Hull City's Allams face setback over Rosedowns luxury apartments plan
THEY are two of the richest businessmen in Britain and the financial saviours of Hull City.
But Assem and Ehab Allam are facing a possible setback over plans to redevelop an industrial site close to the city centre for new housing.
The pair want to convert the former Rosedowns factory in Cannon Street into luxury apartments.
They are also seeking outline approval from Hull City Council to build 78 homes on nearby land.
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But planning officers at the authority are recommending refusal for both schemes when they go before councillors next week.
They claim noise from existing manufacturing companies in the area would have an “adverse effect” on living conditions for residents moving into the new flats.
A report for next Wednesday’s planning committee reveals two nearby businesses have submitted letters of objection voicing similar concerns.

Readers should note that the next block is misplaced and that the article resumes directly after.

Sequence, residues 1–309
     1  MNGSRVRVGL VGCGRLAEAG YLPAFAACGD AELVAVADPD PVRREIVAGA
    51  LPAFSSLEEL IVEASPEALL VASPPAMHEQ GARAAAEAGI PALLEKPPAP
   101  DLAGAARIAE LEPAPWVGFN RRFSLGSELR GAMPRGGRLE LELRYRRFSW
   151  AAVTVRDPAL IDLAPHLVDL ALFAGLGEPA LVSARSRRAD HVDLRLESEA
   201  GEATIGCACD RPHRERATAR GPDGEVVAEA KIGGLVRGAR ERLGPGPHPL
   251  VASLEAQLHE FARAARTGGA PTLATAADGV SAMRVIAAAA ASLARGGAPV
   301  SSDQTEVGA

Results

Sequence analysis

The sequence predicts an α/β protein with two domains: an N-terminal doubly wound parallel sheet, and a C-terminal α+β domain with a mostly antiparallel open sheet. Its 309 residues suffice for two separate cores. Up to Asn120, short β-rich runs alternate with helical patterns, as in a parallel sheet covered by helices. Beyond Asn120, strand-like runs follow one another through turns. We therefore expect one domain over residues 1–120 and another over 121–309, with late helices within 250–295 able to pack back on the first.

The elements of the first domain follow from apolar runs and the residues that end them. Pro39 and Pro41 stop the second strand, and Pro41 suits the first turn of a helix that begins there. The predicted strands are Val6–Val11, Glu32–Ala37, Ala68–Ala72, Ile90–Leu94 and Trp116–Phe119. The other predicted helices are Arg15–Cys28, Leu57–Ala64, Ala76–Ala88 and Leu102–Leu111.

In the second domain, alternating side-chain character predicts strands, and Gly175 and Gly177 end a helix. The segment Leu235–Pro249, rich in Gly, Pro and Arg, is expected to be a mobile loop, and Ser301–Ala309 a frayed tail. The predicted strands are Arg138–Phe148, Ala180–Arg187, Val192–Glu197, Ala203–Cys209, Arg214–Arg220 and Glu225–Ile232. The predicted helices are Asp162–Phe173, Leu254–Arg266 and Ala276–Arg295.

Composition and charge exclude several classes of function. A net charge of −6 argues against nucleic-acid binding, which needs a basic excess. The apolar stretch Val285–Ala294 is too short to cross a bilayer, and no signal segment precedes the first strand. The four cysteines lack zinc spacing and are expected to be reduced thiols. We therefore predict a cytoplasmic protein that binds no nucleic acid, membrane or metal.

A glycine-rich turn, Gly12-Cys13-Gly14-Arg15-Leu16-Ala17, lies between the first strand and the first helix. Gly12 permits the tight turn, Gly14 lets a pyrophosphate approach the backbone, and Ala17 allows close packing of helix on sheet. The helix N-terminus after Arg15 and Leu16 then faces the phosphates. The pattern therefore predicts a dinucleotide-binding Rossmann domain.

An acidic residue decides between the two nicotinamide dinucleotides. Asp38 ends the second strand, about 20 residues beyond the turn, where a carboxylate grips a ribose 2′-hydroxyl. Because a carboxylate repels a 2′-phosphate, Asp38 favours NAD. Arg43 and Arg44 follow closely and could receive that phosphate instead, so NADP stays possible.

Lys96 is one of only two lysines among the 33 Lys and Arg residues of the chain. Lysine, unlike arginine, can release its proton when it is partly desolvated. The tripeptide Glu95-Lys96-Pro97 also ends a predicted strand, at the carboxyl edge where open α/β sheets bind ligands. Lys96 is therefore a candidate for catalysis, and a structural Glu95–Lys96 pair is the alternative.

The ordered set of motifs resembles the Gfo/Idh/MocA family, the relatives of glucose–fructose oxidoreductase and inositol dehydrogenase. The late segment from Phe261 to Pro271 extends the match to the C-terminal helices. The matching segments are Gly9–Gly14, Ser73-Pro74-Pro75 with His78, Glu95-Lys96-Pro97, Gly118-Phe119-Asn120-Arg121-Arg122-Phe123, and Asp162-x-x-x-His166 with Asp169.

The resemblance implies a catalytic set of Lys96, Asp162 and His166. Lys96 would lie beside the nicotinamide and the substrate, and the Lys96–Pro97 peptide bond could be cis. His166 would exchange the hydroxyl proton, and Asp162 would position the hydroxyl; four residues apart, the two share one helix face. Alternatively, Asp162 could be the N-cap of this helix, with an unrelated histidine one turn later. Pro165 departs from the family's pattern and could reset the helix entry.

They say the area is zoned for industrial use and claim any go-ahead for new housing would comprise their own operations and potentially stifle any future expansion proposals.
The report adds: “Any subsequent noise disturbance would likely result in complaints which may impact in an adverse way on the viability of those businesses.
“It is therefore considered that until it can be adequately demonstrated that existing employment activities in the area would not have an adverse effect on the living conditions of future residents, a precautionary approach should be taken and the application be refused.”
The council officers also say the lack of any designated open space in the housing scheme goes against planning policies.
Both applications have been submitted by Allam Developments.
The father and son duo are listed as the only directors.
The company was formed in 1996 but has not been active commercially.
Latest accounts filed for the firm show it has a capital value of £250,000.
When the plans were first submitted to the council last year, the Allams told the Mail they were keeping an open mind on the long-term future of the site.
In a statement, Ehab Allam said: “No decision has yet been made as to whether we will develop the site ourselves or sell it on if planning consent is
The planning applications include listed building consent to carry out conversion work on the derelict concrete-framed factory, which is thought to be one of the oldest structures of its kind in the country.
The building has been disused since the mid-1990s.